Executive Branch

Comey book draws on his mob prosecution experience to make loyalty pledge parallels

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James Comey

James Comey. mark reinstein / Shutterstock.com

A memoir by fired FBI director James Comey draws on his experience as a mob prosecutor in making parallels between crime family loyalty oaths and the expectations of President Donald Trump.

Comey’s new book is A Higher Loyalty, Truth Lies and Leadership. The New York Times has a review and a news report, while the Washington Post also has an article.

In the book Comey claims Trump’s leadership “is transactional, ego driven and about personal loyalty.” Comey has said Trump asked for his loyalty in meetings in January and February last year, and Comey makes some associations as he describes what he learned about mob families.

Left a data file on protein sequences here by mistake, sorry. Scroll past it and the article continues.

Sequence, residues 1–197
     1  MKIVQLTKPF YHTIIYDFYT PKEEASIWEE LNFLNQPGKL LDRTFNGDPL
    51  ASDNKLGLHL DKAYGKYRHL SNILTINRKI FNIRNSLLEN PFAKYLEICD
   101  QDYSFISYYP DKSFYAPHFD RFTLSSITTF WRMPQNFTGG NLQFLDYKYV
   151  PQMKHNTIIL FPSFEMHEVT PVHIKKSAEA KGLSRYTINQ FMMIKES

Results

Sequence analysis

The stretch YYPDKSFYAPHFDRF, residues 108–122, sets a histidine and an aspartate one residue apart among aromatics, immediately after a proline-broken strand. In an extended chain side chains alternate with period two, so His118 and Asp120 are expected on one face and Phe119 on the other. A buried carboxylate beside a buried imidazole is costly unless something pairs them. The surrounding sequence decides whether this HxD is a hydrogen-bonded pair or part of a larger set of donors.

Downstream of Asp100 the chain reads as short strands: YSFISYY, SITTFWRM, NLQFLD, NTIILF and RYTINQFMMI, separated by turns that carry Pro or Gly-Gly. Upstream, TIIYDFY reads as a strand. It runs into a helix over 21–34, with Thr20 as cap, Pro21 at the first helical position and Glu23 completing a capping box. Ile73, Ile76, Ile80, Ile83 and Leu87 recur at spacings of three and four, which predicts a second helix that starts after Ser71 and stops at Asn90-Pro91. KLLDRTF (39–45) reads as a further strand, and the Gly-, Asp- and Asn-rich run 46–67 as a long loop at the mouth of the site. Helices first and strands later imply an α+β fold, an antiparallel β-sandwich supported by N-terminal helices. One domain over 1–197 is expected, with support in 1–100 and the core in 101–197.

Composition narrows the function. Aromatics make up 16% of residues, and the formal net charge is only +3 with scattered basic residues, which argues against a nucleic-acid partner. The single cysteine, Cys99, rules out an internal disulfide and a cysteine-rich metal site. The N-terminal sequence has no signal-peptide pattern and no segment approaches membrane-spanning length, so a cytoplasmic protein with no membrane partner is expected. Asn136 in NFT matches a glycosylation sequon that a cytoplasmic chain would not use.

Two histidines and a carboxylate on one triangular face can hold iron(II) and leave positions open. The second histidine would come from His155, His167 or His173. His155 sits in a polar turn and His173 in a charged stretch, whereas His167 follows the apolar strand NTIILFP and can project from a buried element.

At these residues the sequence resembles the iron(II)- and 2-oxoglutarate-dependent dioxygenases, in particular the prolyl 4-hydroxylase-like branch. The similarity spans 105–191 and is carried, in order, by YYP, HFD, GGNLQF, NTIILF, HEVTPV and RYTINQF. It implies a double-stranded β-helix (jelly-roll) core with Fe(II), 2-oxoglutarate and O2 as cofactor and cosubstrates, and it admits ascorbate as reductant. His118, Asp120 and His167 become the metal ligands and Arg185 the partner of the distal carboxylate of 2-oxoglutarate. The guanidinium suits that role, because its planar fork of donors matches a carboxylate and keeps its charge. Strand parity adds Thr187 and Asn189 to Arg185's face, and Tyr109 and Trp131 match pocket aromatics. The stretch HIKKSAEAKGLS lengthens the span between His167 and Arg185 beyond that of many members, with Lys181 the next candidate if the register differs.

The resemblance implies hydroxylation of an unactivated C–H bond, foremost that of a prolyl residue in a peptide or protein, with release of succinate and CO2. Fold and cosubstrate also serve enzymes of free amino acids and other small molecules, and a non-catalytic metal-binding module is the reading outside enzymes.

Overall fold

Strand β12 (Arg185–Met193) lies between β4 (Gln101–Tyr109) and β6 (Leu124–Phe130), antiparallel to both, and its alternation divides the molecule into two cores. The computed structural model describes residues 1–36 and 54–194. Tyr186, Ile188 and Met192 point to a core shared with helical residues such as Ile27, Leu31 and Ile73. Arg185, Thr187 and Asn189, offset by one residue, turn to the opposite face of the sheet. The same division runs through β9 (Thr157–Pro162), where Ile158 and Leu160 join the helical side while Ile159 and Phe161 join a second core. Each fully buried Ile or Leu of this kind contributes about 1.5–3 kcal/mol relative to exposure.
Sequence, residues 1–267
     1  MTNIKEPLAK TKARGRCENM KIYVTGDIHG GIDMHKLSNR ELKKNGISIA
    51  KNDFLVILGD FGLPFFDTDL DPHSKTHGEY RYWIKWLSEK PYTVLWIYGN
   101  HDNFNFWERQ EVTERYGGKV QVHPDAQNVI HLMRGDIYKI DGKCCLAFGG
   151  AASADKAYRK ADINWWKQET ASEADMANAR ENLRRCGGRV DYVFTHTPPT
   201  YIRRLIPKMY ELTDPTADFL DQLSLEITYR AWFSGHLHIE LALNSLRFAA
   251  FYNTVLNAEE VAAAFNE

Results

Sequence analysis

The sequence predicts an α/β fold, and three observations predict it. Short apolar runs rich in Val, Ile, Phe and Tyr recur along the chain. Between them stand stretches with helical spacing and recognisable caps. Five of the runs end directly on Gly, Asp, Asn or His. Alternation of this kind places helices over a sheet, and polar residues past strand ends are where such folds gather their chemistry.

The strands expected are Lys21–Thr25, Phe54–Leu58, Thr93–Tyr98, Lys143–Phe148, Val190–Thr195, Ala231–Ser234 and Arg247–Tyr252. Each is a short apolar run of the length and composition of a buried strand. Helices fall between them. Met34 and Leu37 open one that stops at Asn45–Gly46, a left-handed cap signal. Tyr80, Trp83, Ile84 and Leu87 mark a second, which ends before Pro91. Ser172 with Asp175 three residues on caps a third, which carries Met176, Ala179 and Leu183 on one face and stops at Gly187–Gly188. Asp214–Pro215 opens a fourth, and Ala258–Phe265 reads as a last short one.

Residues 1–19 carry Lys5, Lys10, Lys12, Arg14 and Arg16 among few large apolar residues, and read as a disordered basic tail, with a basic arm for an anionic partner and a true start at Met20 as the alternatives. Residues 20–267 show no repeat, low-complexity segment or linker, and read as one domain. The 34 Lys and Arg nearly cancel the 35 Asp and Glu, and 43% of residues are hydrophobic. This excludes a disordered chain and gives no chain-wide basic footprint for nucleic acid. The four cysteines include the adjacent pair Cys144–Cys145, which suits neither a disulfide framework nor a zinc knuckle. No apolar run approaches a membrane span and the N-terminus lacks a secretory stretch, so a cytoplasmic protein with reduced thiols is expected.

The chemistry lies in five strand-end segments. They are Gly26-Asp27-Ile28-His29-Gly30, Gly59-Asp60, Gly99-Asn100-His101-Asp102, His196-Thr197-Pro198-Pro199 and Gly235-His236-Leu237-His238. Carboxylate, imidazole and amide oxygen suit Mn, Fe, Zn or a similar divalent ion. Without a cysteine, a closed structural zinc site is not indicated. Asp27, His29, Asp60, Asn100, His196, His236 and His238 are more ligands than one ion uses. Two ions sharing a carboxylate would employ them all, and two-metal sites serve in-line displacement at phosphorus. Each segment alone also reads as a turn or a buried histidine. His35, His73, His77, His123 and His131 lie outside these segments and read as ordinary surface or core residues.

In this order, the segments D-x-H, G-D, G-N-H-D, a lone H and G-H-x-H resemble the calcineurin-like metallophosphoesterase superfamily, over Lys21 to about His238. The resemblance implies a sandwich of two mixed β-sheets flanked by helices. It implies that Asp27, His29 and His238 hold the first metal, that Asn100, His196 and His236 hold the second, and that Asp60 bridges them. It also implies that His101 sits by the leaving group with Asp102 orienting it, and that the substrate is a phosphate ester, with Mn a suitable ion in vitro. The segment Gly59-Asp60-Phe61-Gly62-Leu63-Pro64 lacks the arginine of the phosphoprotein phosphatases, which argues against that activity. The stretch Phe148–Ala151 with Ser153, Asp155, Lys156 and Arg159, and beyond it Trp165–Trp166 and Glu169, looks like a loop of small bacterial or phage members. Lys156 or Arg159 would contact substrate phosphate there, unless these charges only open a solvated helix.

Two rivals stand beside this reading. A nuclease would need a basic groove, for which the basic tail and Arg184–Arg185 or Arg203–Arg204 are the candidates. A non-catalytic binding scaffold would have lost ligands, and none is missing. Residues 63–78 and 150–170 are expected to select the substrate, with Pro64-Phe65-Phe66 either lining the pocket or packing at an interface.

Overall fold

In the mob, Comey writes, there was a “silent circle of assent. The boss in complete control. The loyalty oaths. The us-versus-them worldview. The lying about all things, large and small, in service to some code of loyalty that put the organization above morality and above the truth.”

News coverage of the book details Trump’s alleged response to unverified allegations in a Russia dossier that Russia had recorded Trump watching prostitutes urinate on themselves in a Moscow hotel room in 2013 as a way of soiling the bed used by former President Barack Obama. Trump wanted the allegations investigated so they could be proven untrue, Comey said in the book. Trump also asserted he was a “germaphobe” and there was no way he would allow prostitutes to urinate around him, Comey said.

The book is scheduled for release next week.

Trump apparently responded to coverage of Comey’s book on Friday in a tweet calling Comey an “untruthful slime ball” and a “proven LEAKER & LIAR,” the New York Times reports. “It was my great honor to fire James Comey!” the president tweeted.

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